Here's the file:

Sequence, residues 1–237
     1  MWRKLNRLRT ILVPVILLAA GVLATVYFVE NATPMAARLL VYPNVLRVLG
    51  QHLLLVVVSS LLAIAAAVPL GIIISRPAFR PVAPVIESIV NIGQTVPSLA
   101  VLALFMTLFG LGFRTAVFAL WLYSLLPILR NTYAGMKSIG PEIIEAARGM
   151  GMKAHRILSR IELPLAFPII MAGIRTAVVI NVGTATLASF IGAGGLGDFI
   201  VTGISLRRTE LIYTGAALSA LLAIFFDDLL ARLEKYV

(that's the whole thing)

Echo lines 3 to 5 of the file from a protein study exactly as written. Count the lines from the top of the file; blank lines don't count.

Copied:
    51  QHLLLVVVSS LLAIAAAVPL GIIISRPAFR PVAPVIESIV NIGQTVPSLA
   101  VLALFMTLFG LGFRTAVFAL WLYSLLPILR NTYAGMKSIG PEIIEAARGM
   151  GMKAHRILSR IELPLAFPII MAGIRTAVVI NVGTATLASF IGAGGLGDFI